Compulsive Canine Behaviors: Too Much of a Good Thing

(Originally written for DogWatch, a newsletter for the general public from the Cornell University College of Veterinary Medicine)

I sometimes think that my black lab, Karl, would retrieve sticks until he dropped if I’d let him. My mom says this is addictive behavior and that I should stop playing with him this way before he develops serious problems. My feeling is that he’s far more likely to develop problems if I don’t allow him this outlet for all of his energy. Who’s right?

So much media attention has been showered on addictive or compulsive behaviors that we often lose sight of the fact that mammalian brains possess both addictive and non-addictive centers, and that the two function quite differently. Once experimental animals learn hit a key to stimulate their addictive centers, they’ll continue doing this even when researchers disconnect the apparatus. In similar experiments involving self-stimulation of the nonaddictive center however, the animal may try to trigger the pleasurable response a few times after the stimulator is disconnected, but it soon gives up and does something else.

In the most general of terms we may say that the addiction center triggers the recognition, “I feel happy because I’m pressing this key,” whereas the nonaddictive center triggers the message, “I feel happier when I’m pressing this key but it’s not the end of the world when I can’t.”

From this we can see that if Karl’s retrieving triggers the addiction center, he’ll see retrieving as the cause of any positive feelings he may experience. Because of this when he can’t do that he’ll feel frustrated and out of sorts. And that will cause him to do everything in his power to get his owner, or someone, to throw a stick for him to relieve those negative feelings. On the other hand, if the behavior stimulates his nonaddictive center, he’ll relish a game of retrieving just about any time. But when his owner says, “Time to quit” or calmly ignores him, he’ll find some other way to amuse himself because he doesn’t depend on the game for his feelings of well-being.

Sadly research into the workings of the nonaddictive center far lags that of the addictive, but it does appear that the two may work in tandem. For example, Karl may initially retrieve sticks because his Labrador breeding programs him for it and he enjoys it, a nonaddictive response. However suppose Karl’s owner feels compelled to throw every single stick that Karl drops at his feet and lavishly praises the dog for retrieving it and he feels the need to keep her focused on him for some reason. Under these circumstances, what begins as Karl’s random celebration of his normal Lab retrieving genes could evolve into a stylized ritual that carries a much stronger emotional charge. In this case, Karl might become so dependent on that interaction with his owner that he feels greatly stressed when his owner can’t or won’t play the game. In these situations, he may  relentlessly pester the owners to toss the stick again.  If denied this, he may attempt to relieve the resultant tension by chewing on the stick, or even his feet or the rug if she takes him instead where there are no  sticks.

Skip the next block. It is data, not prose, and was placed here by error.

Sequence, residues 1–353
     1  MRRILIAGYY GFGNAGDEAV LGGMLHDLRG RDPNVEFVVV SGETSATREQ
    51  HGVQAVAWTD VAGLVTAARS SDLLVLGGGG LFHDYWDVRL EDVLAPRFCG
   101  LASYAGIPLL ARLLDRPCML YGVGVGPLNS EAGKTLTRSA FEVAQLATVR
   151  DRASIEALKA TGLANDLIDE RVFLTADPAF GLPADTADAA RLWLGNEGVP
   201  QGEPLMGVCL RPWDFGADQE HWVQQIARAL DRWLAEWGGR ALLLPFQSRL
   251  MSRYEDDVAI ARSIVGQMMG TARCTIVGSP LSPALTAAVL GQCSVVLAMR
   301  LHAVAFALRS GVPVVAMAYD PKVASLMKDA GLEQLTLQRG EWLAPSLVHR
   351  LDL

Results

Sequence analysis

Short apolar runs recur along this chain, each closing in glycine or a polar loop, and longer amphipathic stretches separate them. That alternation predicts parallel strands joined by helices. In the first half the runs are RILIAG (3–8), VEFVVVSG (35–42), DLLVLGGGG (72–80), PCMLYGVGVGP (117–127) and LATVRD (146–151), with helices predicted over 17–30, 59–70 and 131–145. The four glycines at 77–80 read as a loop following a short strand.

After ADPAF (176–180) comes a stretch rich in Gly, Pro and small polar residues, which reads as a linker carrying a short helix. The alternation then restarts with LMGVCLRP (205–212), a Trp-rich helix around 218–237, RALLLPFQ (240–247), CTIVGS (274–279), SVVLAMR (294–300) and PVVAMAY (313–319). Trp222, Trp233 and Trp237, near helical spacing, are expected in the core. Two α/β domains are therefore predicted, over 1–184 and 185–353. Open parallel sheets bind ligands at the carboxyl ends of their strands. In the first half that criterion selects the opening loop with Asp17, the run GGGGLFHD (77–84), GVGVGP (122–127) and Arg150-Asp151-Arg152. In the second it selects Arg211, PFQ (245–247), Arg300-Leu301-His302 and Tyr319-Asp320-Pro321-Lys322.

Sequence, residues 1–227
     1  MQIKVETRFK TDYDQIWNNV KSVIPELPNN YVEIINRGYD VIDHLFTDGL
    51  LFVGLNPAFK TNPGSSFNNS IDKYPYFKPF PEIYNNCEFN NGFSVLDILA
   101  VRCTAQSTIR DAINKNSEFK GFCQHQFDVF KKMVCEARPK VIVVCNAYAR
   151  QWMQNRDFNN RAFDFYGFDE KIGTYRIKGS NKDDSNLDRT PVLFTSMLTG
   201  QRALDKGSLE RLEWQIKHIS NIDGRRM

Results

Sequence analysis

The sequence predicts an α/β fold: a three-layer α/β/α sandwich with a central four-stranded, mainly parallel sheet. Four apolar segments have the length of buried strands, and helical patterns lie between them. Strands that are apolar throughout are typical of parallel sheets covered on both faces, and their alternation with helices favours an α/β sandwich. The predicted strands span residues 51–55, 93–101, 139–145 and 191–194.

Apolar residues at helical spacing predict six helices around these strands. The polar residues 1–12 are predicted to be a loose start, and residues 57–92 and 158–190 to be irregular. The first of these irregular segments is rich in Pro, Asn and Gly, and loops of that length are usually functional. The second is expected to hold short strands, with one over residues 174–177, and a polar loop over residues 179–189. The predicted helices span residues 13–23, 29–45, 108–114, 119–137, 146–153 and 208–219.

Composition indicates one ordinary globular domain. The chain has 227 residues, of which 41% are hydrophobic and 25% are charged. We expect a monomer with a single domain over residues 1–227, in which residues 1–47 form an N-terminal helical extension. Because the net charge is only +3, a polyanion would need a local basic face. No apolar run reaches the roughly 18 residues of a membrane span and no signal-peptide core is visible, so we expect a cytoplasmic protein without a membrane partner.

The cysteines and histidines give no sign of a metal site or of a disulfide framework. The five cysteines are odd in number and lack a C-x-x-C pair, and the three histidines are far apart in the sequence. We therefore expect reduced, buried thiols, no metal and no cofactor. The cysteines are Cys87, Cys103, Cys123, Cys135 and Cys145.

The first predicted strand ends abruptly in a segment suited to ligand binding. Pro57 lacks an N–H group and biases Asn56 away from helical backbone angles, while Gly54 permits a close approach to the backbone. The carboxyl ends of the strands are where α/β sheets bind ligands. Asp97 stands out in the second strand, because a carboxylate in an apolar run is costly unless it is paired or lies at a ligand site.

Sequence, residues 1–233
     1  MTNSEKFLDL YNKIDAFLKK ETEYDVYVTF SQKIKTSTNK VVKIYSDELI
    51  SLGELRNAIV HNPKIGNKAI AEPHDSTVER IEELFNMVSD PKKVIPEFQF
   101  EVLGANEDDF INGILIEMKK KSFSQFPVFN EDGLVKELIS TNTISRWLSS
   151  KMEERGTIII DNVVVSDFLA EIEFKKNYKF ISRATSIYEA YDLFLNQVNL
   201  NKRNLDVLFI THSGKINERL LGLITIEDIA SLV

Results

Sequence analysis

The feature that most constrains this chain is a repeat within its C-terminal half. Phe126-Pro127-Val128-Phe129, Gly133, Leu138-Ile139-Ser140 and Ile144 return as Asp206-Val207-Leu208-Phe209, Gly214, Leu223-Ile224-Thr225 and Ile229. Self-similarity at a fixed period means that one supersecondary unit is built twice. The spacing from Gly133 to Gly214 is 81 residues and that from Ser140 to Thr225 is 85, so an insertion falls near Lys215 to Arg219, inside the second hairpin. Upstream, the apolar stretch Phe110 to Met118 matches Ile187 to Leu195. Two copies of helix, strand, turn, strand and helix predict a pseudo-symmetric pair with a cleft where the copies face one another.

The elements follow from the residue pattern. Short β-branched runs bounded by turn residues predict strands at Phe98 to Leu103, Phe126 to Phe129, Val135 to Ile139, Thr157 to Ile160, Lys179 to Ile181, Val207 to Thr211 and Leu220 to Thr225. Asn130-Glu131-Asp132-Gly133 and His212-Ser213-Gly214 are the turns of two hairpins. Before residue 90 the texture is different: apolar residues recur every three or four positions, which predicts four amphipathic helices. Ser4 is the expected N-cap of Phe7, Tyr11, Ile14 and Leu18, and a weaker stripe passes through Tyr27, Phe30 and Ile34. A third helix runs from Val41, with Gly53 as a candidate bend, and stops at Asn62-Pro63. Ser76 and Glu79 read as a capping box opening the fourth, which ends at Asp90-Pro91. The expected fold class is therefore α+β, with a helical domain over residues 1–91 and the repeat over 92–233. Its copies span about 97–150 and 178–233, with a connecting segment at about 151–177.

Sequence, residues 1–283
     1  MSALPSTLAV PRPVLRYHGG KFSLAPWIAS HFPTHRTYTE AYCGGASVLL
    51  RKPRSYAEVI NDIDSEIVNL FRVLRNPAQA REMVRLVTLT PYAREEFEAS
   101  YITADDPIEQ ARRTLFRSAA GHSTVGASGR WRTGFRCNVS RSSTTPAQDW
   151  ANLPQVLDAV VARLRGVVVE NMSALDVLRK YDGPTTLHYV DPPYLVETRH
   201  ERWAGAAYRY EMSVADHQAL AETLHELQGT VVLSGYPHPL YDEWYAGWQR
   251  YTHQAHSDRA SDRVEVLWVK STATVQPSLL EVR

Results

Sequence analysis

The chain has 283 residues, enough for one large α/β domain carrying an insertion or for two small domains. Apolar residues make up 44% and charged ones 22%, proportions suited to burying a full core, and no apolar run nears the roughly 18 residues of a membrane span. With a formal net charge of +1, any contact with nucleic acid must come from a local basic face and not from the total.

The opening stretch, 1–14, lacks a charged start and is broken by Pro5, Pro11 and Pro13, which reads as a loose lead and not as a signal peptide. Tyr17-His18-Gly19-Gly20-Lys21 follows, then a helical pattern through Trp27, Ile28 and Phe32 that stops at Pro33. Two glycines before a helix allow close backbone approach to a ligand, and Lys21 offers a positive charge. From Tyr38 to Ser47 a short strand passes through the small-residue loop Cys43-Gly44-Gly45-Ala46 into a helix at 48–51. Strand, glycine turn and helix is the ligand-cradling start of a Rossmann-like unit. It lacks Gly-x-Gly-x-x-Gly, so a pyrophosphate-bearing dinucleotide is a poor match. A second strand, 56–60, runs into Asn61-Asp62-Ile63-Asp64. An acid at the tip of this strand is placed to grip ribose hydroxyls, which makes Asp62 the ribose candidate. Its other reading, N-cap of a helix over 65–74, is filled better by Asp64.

One owner described how her male German shepherd dog made such a strong connection between retrieving and his mental health that he automatically would reach for his ball indoors or a stick outdoors if anything upset him. If he couldn’t immediately locate a stick outdoors, he’d leap up and snap branches off trees. While such an image might make us laugh, this very observant owner could tell from her dog’s tense body language and expression that this wasn’t a game to the dog at all. He needed whatever mental fix retrieving those sticks gave him.

Because of all this, we need to evaluate Karl’s seemingly compulsive stick-retrieving in the context of his other behaviors, his relationship with his owner, and his environment. If ending the game obviously distresses the dog, this canine response could presage more serious behavioral problems down the line. If Karl can accept the end of the game, but his owner feels compelled to continue it, then the owner should reevaluate her relationship with her pet. And finally, if Karl becomes seemingly obsessed with fetching sticks because these represent his only viable outlet for his energy, then providing him other options will allow the game to serve as a canine celebration rather than an obsession.